Judge set to make decision on Flint water lawsuit settlement

Settlement announced in August

In August, Michigan first announced a settlement of more than $600 million in the Flint water lawsuit.
In August, Michigan first announced a settlement of more than $600 million in the Flint water lawsuit.

FLINT, Mich. – In August, Michigan first announced a settlement of more than $600 million in the Flint water lawsuit.

On Monday, a federal judge heard from attorneys representing both sides in the negotiations. Before any decision is made, the judge wants to know how those directly affected by the settlement feel about the potential deal.

Flint Mayor Karen Weaver said $600 million is not enough.

A remote public hearing was set for Monday afternoon. Flint residents and the public could attend the hearing online.

The Flint City Council must still approve the contribution. Under the settlement agreement, the Council has until Dec. 31 to pass its resolution supporting the contribution.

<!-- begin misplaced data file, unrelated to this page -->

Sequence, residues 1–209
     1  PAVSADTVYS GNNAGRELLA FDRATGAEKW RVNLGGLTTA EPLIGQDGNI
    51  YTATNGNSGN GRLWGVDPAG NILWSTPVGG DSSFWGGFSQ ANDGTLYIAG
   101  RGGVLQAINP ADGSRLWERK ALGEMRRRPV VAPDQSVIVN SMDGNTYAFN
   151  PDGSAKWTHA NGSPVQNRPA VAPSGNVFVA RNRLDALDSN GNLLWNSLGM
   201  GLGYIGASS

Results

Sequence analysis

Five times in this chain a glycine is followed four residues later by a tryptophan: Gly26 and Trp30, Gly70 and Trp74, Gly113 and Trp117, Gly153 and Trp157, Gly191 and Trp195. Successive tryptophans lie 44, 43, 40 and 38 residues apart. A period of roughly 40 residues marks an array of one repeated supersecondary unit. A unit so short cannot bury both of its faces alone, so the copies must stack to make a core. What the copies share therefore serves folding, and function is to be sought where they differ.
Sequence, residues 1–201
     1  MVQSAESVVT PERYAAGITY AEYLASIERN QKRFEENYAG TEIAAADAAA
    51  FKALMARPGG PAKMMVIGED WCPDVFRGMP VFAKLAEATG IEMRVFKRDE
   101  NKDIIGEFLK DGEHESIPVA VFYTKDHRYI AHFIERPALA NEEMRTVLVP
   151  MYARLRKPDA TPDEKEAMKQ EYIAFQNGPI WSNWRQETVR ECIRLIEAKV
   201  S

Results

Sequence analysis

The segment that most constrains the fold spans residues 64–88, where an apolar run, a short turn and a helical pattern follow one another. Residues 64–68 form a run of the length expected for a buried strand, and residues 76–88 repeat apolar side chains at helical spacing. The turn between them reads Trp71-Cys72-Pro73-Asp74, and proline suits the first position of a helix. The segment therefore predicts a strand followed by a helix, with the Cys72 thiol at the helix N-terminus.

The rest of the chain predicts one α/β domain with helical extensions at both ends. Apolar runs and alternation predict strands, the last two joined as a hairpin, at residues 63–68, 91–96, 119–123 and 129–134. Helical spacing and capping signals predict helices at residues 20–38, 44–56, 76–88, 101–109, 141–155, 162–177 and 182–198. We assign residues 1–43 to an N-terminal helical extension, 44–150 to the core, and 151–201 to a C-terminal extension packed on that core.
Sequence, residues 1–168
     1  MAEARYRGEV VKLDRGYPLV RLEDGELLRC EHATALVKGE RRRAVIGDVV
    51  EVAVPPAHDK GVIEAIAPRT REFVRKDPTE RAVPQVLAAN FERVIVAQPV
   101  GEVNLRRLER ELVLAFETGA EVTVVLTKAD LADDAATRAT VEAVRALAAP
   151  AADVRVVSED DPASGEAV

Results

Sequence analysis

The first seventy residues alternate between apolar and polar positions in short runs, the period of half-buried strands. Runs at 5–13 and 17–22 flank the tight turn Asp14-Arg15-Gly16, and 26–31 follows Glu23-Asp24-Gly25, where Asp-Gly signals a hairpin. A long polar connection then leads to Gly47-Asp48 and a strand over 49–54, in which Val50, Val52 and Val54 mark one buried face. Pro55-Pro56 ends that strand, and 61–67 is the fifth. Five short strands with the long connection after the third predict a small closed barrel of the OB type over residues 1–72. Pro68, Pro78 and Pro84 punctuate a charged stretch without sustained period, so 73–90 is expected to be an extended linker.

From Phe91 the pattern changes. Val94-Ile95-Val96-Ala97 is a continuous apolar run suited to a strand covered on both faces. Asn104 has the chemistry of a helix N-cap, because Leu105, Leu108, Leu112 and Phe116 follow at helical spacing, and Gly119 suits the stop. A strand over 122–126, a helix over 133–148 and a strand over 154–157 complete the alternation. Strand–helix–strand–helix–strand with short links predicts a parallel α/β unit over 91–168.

The public’s participation is part of the settlement process and I encourage Flint residents to attend the hearing on Monday.

The State has made a concerted effort to reach this settlement with plaintiffs’ attorneys, with the guidance of court-appointed mediators. Countless hours of effort have gone into crafting this agreement, and while it may not be perfect, we continue to believe it is the best possible outcome for residents and the future of Flint.

Dana Nessel

Watch the video above for the full report.


Flint water lawsuit settlement now totals about $641 million

The proposed settlement of a lawsuit filed on behalf of residents of Flint, Michigan, who were harmed by lead-tainted water now totals about $641 million, officials revealed Tuesday.

The lawsuit was the result of workers following state environmental officials’ advice not to use anti-corrosive additives. Without those treatments, water from the Flint River scraped lead from aging pipes and fixtures, contaminating Flint’s tap water.

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About the Authors:

Hank Winchester is Local 4's Consumer Investigative Reporter and the head of WDIV's "Help Me Hank" Consumer Unit. He works to solve consumer complaints, reveal important recalls and track down thieves who have ripped off metro Detroiters.

Kayla is a Web Producer for ClickOnDetroit. Before she joined the team in 2018 she worked at WILX in Lansing as a digital producer.